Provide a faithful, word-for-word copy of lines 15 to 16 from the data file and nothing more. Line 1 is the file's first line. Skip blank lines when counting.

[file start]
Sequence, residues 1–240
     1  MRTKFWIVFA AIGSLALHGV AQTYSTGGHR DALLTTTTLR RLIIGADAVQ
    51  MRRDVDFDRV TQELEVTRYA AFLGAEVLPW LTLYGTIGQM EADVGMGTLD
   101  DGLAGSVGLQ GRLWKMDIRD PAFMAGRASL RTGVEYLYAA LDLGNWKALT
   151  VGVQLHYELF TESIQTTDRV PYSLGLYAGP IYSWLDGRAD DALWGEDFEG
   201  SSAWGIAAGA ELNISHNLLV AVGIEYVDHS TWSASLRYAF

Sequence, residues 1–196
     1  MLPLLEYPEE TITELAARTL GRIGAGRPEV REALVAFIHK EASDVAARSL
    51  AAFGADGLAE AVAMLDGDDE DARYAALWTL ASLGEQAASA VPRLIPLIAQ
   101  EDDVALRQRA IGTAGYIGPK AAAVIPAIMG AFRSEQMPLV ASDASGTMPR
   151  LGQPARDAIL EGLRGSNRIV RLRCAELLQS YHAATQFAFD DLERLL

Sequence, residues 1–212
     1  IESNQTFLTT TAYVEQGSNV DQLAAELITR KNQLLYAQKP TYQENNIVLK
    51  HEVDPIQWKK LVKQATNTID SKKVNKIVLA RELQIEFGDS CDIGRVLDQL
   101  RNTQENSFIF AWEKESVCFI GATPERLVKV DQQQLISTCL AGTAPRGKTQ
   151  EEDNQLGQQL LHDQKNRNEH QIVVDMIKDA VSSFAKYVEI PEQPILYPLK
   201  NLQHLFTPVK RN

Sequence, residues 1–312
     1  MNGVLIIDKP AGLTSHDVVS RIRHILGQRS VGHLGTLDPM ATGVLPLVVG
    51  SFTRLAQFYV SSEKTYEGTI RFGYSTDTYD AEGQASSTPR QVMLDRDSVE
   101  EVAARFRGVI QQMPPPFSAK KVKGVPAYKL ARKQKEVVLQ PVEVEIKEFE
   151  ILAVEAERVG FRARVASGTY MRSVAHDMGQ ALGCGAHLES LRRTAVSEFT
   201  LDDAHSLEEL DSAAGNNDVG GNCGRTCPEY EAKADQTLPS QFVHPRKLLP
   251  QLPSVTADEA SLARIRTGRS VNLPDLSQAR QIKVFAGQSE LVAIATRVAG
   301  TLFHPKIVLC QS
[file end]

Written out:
   101  RNTQENSFIF AWEKESVCFI GATPERLVKV DQQQLISTCL AGTAPRGKTQ
   151  EEDNQLGQQL LHDQKNRNEH QIVVDMIKDA VSSFAKYVEI PEQPILYPLK